Bolstered by a successful package of narrow trade agreements, there is now a growing sense that once-taboo compromises among major trading nations are still possible even in an era of rising protectionism and economic fragmentation.
WTO Director-General Ngozi Okonjo-Iweala admitted being tired, but was relieved there was something to show for it after she was installed a little over a year ago with a tough mandate of fixing an organization almost universally written off as ineffective.
It was a small, symbolic victory that reinstalls hope that this post-World War II bastion for peace and prosperity can still deliver tools to address some of most important challenges of the day — the Covid-19 pandemic, food inflation, environmental sustainability and warring neighbors.
“In uncertain and troubled times, the value of global rules is more important than ever,” European Union Executive Vice President Valdis Dombrovskis said in a statement. “These guarantee legal and economic certainty and keep global value chains open and functioning.”
Compromise Still Possible
This week’s WTO negotiations were noteworthy because they proved the world’s governments can navigate huge political disagreements — such as the West’s opposition to Russia’s war with Ukraine — to reach outcomes that advance the cause of economic cooperation.
Trade delegates made strategic moves during the WTO’s six-day ministerial conference to deprioritize their national interests in order to benefit the common good. A key example was India, which climbed down from its hard-line demands and reached a compromise on issues that have long plagued the WTO negotiating agenda.
WTO Director-General Ngozi Okonjo-Iweala
There was also quiet but critical compromise between the US and China that settled the question of Beijing’s ability to sidestep patent rights under the WTO’s new intellectual-property waiver.
“The vaccine waiver agreement is important because it shows that the US and China are still capable of working together at the WTO and provides a formula for future collaboration,” the body’s deputy director-general, Xiangchen Zhang, told Bloomberg in an interview.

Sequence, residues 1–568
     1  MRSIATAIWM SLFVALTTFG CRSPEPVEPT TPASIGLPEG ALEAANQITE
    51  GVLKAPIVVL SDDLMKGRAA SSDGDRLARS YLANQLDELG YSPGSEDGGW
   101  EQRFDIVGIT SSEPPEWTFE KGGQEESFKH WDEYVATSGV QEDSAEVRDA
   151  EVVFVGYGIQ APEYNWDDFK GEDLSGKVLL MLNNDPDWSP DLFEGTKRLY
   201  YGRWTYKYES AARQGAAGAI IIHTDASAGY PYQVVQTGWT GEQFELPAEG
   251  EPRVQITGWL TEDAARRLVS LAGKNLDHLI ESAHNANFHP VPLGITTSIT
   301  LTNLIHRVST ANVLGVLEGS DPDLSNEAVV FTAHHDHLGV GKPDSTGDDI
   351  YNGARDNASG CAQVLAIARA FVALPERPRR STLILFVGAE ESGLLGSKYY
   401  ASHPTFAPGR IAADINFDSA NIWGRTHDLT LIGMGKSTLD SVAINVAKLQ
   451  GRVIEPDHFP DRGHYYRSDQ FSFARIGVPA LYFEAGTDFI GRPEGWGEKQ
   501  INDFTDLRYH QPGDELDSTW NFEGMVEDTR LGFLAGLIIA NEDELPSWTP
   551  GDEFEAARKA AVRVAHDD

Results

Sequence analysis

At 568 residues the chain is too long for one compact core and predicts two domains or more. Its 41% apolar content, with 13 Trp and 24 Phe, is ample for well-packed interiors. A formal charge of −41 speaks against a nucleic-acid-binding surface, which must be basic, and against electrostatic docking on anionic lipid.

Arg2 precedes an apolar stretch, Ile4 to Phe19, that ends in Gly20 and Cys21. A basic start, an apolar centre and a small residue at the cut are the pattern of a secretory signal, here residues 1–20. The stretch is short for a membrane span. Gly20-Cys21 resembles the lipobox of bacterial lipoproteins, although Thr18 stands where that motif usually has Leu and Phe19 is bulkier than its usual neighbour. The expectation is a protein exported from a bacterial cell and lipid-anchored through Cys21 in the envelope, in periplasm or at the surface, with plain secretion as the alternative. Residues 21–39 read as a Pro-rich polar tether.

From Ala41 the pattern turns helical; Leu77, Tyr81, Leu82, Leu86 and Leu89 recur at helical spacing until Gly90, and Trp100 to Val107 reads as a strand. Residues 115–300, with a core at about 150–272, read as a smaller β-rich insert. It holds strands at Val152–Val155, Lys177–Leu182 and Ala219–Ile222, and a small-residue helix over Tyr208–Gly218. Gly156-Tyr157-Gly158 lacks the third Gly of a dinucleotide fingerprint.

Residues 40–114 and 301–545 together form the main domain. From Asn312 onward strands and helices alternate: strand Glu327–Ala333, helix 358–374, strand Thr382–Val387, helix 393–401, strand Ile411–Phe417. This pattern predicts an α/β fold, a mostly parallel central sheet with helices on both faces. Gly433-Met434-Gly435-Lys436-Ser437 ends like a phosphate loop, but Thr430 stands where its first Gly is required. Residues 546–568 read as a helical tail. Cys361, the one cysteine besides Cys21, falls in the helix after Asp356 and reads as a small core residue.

Deputy US Trade Representative Maria Pagan agreed, telling reporters “it is hugely powerful when the US and Chinese delegates are like-minded on an issue.”
While it didn’t exactly dominate headlines in a week of tumbling stocks and rising policy interest rates, the fact that trade ministers didn’t let the WTO’s moratorium on digital duties expire was a significant achievement. It will keep one of the most vibrant sectors of the modern global economy free from punitive cross-border trade restrictions.
There were fears that if the WTO’s 1998 accord lapsed this week, it could result in higher consumer prices for cross-border Amazon.com purchases, Netflix movies, Apple music, and Sony PlayStation games.
As a result, the institution’s move to avert new digital tariffs marks an important step forward for the Geneva-based trade body, whose mission is to reduce barriers to cross-border trade, rather than increase them.
“In the digital age, the e-commerce moratorium provides certainty and lowers costs for global supply chains,” UK International Trade Secretary Anne-Marie Trevelyan said in a statement.
To be sure, the package that ministers delivered this week was in no way perfect. Some of the deals — like an accord to curb harmful fishery subsidies — were incomplete and lacked the level of ambition that the US and others were seeking.
But the agreements include provisions that encourage members to find solutions in the months to come, which should instill WTO members with a real sense of purpose for the first time in half a decade or more.
That means WTO negotiators are leaving the negotiating table ready to engage in the next conversation — with a view to fixing the institutional problems that have stymied the organization’s work for decades.
“The WTO has earned important breathing room to focus on reform in weeks and months ahead,” said Wendy Cutler, a former US trade negotiator and vice president at the Asia Society Policy Institute.
Going forward, a key test of the relevance of the institution is whether its members can overcome long-held US frustrations and fulfill their pledge to restore a “fully and well-functioning” dispute-settlement system by 2024.
If successful, this effort could resolve the paralysis of the WTO appellate body — which until 2019 had the final say in international trade disputes — and make the organization once again fit for purpose.
“It was great to see that we were not isolated in saying that reform needs to be open, inclusive and transparent,” Pagan said. “I am hopeful this will be a good conversation.”
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